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A bit too early to be worried about French consumers

Summary:
Despite the recent fall in French consumer confidence, spending should pick up in the second half of the year. The French economy disappointed in the first half of this year. While there was a widespread ‘soft patch’ in the euro area, the source and size of the slowdown in France stands out. The real GDP growth rate fell by 0.5 points, much more than the rest of the euro area. Moreover, while the slowdown in the other countries was mainly due to net trade, in France weakening in household’s expenditure also contributed. French households have been hit on several fronts this year: real wages have been dented by higher headline inflation, front-loaded tax hikes and uncertainty over labour market reforms have all played

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Despite the recent fall in French consumer confidence, spending should pick up in the second half of the year.

The French economy disappointed in the first half of this year. While there was a widespread ‘soft patch’ in the euro area, the source and size of the slowdown in France stands out. The real GDP growth rate fell by 0.5 points, much more than the rest of the euro area. Moreover, while the slowdown in the other countries was mainly due to net trade, in France weakening in household’s expenditure also contributed.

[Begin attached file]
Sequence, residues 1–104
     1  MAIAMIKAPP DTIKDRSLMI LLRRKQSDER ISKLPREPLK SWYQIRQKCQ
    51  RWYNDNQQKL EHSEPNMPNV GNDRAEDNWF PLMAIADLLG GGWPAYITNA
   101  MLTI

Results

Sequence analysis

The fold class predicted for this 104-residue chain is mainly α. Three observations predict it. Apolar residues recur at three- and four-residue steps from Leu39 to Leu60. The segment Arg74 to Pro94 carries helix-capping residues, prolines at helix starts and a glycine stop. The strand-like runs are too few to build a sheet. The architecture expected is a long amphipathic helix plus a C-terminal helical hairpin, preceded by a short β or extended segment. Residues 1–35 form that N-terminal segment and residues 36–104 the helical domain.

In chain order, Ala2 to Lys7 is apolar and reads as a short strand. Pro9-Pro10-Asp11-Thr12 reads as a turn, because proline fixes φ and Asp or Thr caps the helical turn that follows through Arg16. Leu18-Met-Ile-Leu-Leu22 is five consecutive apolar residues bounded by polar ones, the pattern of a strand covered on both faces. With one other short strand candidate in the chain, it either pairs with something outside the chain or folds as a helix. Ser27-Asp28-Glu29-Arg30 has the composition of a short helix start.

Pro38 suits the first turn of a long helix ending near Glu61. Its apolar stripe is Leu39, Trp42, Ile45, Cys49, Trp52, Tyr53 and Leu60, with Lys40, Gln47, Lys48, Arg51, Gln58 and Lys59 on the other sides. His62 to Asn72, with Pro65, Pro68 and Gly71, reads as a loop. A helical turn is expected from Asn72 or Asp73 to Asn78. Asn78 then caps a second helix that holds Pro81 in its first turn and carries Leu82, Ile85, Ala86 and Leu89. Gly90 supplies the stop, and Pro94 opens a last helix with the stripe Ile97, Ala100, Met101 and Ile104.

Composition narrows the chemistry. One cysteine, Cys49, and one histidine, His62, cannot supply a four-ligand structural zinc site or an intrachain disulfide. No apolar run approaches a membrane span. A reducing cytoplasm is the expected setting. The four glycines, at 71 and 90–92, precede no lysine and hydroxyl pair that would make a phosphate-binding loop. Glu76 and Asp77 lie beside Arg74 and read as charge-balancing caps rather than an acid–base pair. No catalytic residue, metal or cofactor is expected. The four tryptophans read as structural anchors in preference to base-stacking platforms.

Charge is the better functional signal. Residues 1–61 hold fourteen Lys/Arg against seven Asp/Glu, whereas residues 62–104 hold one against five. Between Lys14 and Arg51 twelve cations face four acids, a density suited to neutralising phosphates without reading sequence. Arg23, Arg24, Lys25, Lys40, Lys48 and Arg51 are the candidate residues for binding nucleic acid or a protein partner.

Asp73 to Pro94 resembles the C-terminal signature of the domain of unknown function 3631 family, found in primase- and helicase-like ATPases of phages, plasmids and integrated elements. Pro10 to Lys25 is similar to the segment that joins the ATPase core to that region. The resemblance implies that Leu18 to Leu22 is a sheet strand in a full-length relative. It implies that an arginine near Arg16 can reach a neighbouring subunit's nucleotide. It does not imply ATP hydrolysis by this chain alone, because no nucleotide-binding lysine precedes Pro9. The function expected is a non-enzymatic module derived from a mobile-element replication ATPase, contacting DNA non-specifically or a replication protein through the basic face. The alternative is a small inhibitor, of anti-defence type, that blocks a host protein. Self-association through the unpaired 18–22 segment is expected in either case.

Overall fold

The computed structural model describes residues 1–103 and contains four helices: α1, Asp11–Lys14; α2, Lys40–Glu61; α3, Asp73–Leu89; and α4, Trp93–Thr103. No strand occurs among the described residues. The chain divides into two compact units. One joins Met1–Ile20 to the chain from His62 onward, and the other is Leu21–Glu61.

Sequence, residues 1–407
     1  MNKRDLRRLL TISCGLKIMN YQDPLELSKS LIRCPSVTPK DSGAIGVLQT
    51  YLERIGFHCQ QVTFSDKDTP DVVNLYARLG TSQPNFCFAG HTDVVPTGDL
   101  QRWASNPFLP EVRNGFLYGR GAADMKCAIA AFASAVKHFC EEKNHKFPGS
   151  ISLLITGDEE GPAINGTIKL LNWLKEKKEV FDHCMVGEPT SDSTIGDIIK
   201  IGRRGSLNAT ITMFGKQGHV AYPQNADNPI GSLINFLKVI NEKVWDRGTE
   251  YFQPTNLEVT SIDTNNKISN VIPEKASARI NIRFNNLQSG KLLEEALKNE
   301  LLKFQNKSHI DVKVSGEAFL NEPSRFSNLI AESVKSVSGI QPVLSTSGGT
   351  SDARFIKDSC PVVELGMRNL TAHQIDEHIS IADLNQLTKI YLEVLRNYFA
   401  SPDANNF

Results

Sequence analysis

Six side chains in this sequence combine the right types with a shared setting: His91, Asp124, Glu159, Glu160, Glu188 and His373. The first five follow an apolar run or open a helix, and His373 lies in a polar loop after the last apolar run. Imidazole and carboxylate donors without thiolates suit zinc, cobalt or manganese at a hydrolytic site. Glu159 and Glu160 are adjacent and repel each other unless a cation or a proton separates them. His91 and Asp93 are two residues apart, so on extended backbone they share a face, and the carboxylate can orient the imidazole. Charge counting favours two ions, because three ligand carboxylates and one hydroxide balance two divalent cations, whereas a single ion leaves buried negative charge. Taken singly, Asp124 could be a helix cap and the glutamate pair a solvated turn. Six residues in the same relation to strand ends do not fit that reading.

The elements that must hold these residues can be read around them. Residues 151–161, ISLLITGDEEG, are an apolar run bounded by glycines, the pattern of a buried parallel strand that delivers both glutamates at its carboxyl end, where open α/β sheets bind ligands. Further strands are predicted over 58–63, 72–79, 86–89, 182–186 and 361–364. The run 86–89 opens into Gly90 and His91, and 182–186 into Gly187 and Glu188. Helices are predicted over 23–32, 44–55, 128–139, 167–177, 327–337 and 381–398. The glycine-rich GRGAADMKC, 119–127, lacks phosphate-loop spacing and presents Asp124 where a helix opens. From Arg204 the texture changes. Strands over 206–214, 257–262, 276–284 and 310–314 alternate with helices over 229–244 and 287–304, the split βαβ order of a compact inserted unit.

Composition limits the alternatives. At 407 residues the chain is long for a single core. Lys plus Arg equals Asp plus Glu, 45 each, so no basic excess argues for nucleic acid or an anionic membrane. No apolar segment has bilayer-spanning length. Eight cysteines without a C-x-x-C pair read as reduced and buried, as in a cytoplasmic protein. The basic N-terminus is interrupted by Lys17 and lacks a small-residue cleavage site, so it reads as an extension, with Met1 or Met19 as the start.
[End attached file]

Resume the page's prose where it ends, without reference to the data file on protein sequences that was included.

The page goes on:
French households have been hit on several fronts this year: real wages have been dented by higher headline inflation, front-loaded tax hikes and uncertainty over labour market reforms have all played a role in curbing consumer spending. Moreover, spending on utilities was hit by unseasonably warm temperatures in April, while the decline in spending on services stemmed largely from transport strikes.

The question now is whether or not a pick-up in private consumption is likely in the near term? So far, data have been mixed. The French consumer confidence index fell by 2 points to 94.2 in September, the lowest level since April 2016 (see Chart). By contrast, consumer spending rose 0.8% m-o-m in August, having stabilised in July. The French statistics agency INSEE mentioned that the headline figure was boosted by a jump in spending on new cars “in anticipation of the tightening of test standards for new cars in Europe on September 1st“. Looking ahead, beyond short-term volatility, there are reasons to believe that French consumer spending will pick up as headwinds continue to fade.

France: consumer confidence index and households consumption expenditure

A bit too early to be worried about French consumers

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Nadia Gharbi
Nadia Gharbi is economist at Pictet Wealth Management. She graduates in Université de Genève, Les Acacias, Canton of Geneva, Switzerland Do not hesitate to contact Pictet for an investment proposal. Do not hesitate to contact Pictet for an investment proposal. Please contact Zurich Office, the Geneva Office or one of 26 other offices world-wide.

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